Even after driving one for 10 days, it’s hard to define the Cadillac ELR. The rich brother of the Chevrolet Volt plug-in hybrid, the ELR applies the same basic technology to a rakish luxury coupe. While the concept is compelling, the end result just doesn’t add up to the heady sticker price.
Like the Volt, the ELR recharges from the wall and will go up to 35 miles on battery power, and it has a small 84-hp gas engine to generate backup power for longer trips. The ELR also uses the Volt’s 16.5-kWh lithium battery pack.
In many ways, as a car, the ELR makes more sense than the Volt. With a cool-looking luxury coupe, it doesn’t matter as much that the rear seats are cramped. (They are a lot tighter than the rear accommodations in the Volt, already not suitable for adults.) And the buyers for luxury cars have a lot more in common with early adopters who buy cutting-edge powertrain technology, such as plug-in hybrids. To them, it is often worth the additional cost to make a styling statement or have the satisfaction of being a trend setter.
That brings us to the price. In theory, a head-turning Cadillac with all the trimmings should be worth more than a well-outfitted compact sedan, and thus help its maker cover the cost of the battery technology. That’s all well and good, but Cadillac set the base price of the ELR at $75,000, before adding in $900 for delivery, and deducting $7,500 for a federal tax credit. That’s $40,000 more than a Volt! And for that kind of scratch, you could buy a car in a whole different league, like an Audi A7 TDI or Tesla Model S. That leaves us wondering, who will buy this car?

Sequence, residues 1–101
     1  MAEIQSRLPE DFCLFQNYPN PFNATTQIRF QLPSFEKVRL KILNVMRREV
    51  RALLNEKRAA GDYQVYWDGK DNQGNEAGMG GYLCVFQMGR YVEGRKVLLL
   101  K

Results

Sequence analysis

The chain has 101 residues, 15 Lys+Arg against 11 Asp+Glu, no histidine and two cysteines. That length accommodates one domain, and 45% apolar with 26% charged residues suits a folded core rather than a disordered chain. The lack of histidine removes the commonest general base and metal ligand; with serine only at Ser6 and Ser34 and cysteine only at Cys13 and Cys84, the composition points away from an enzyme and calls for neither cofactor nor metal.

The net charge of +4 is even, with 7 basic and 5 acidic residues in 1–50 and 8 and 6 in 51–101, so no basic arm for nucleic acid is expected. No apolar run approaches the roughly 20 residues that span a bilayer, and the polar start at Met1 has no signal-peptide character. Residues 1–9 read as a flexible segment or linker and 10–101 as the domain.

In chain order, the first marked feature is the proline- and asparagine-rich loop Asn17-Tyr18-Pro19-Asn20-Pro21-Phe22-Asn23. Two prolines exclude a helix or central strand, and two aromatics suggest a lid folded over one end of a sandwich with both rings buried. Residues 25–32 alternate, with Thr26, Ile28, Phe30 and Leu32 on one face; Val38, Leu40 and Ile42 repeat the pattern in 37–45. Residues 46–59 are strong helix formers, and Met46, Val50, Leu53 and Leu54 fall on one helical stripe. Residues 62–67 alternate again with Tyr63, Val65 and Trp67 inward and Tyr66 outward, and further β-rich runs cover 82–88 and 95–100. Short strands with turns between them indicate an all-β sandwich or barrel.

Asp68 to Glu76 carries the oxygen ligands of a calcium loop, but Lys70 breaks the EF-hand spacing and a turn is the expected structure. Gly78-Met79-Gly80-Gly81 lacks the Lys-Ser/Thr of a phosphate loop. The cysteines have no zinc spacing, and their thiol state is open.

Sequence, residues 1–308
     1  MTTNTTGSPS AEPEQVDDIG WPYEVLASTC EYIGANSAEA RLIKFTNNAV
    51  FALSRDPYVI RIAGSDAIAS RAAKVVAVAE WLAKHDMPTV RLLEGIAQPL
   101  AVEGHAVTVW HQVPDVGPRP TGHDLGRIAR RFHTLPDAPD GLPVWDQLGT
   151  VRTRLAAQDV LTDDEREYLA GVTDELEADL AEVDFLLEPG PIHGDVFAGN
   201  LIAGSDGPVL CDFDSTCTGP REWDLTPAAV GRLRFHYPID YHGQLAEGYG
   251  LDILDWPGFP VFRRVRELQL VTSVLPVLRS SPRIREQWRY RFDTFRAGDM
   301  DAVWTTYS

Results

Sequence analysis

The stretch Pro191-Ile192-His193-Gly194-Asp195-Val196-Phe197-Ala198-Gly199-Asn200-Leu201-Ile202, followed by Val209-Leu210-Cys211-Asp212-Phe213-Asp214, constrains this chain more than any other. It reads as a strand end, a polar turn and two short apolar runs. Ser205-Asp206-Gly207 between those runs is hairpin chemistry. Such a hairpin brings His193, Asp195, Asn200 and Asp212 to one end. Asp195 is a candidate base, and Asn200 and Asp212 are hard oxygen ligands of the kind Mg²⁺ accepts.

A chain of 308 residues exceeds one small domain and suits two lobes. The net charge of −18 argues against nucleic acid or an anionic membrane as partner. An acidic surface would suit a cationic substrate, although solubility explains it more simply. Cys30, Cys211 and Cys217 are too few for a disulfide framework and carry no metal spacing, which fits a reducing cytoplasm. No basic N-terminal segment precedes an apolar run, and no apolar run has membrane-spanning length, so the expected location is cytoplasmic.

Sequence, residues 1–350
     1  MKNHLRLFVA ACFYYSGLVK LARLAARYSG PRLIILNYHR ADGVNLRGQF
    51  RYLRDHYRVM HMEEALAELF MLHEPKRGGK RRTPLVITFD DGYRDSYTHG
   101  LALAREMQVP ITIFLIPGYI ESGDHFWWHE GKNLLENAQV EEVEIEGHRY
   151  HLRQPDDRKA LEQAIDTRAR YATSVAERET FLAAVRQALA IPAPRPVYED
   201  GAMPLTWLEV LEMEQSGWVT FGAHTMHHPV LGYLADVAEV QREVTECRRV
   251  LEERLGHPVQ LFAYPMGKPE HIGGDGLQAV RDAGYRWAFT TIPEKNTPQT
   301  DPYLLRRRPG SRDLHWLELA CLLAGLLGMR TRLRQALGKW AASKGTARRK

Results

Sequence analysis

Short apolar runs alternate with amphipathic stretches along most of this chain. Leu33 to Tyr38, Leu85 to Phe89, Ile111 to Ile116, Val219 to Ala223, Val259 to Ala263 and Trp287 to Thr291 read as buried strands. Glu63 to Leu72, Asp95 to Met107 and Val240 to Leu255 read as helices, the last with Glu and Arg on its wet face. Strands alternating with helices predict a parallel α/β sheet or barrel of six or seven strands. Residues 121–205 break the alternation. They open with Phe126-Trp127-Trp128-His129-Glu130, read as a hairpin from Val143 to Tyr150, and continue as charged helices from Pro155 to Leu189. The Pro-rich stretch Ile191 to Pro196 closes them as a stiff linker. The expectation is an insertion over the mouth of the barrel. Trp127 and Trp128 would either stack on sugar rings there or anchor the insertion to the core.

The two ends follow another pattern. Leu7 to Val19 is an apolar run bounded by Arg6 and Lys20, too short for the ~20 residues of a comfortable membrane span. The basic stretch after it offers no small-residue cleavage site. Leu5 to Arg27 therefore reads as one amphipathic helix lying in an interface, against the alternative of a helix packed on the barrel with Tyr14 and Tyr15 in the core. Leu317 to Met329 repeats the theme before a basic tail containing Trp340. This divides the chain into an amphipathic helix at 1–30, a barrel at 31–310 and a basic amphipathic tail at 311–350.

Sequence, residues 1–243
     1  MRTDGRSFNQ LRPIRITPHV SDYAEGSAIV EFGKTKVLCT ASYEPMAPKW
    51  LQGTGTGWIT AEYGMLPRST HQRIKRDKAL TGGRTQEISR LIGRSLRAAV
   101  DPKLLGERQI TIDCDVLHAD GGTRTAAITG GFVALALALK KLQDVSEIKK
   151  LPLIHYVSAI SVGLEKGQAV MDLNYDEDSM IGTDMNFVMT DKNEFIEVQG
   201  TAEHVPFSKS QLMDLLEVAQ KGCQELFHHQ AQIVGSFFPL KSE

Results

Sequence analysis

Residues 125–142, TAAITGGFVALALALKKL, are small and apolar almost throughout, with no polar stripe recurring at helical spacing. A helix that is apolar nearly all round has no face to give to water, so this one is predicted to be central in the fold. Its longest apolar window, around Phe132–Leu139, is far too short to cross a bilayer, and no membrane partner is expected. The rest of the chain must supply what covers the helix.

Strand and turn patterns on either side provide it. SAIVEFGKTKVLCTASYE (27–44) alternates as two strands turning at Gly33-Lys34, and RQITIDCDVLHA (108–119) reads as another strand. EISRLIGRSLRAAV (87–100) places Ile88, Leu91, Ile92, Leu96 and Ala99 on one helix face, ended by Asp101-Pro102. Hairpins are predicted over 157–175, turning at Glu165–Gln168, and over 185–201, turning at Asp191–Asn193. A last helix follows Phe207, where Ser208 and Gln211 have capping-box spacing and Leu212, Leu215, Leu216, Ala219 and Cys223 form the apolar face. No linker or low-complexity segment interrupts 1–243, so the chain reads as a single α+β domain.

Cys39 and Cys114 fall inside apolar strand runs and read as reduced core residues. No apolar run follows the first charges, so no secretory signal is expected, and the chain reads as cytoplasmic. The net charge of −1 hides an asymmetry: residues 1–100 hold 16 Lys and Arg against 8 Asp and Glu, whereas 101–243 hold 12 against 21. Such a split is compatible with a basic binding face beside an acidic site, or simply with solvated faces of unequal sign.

Don’t get us wrong, it’s a lot nicer to drive than a Volt. You can barely hear the gas engine when it comes on. The steering is tight and responsive, although saying it’s as agile as the new CTS would be wrong. The interior is beautifully finished and sumptuous. Even Cadillac’s dreaded CUE infotainment system is less frustrating and more predictable than the sea of jumbled flat-surface touch buttons in the Volt, and the graphics are slick.
But, ultimately, driving the ELR feels rather ordinary. It lacks the zip one might expect from a high-priced coupe. Being a rolling sculpture, visibility is very limited.
Still, as nice as the ELR is, we couldn’t escape the feeling driving it around that for this kind of money, we’d a lot rather be piloting a Tesla, which is a lot quicker, sportier, and roomier, and gives you a whole lot more electric range. One staff member dismissed the ELR as a $75,000 version of the Chevrolet Cruze (on which the Volt and the ELR are, indeed, based). Ouch!
The time we spent in the ELR was with an example rented from Cadillac. We’ll see if the car leaves a better impression once we buy our own to test, after they officially go on sale in January.
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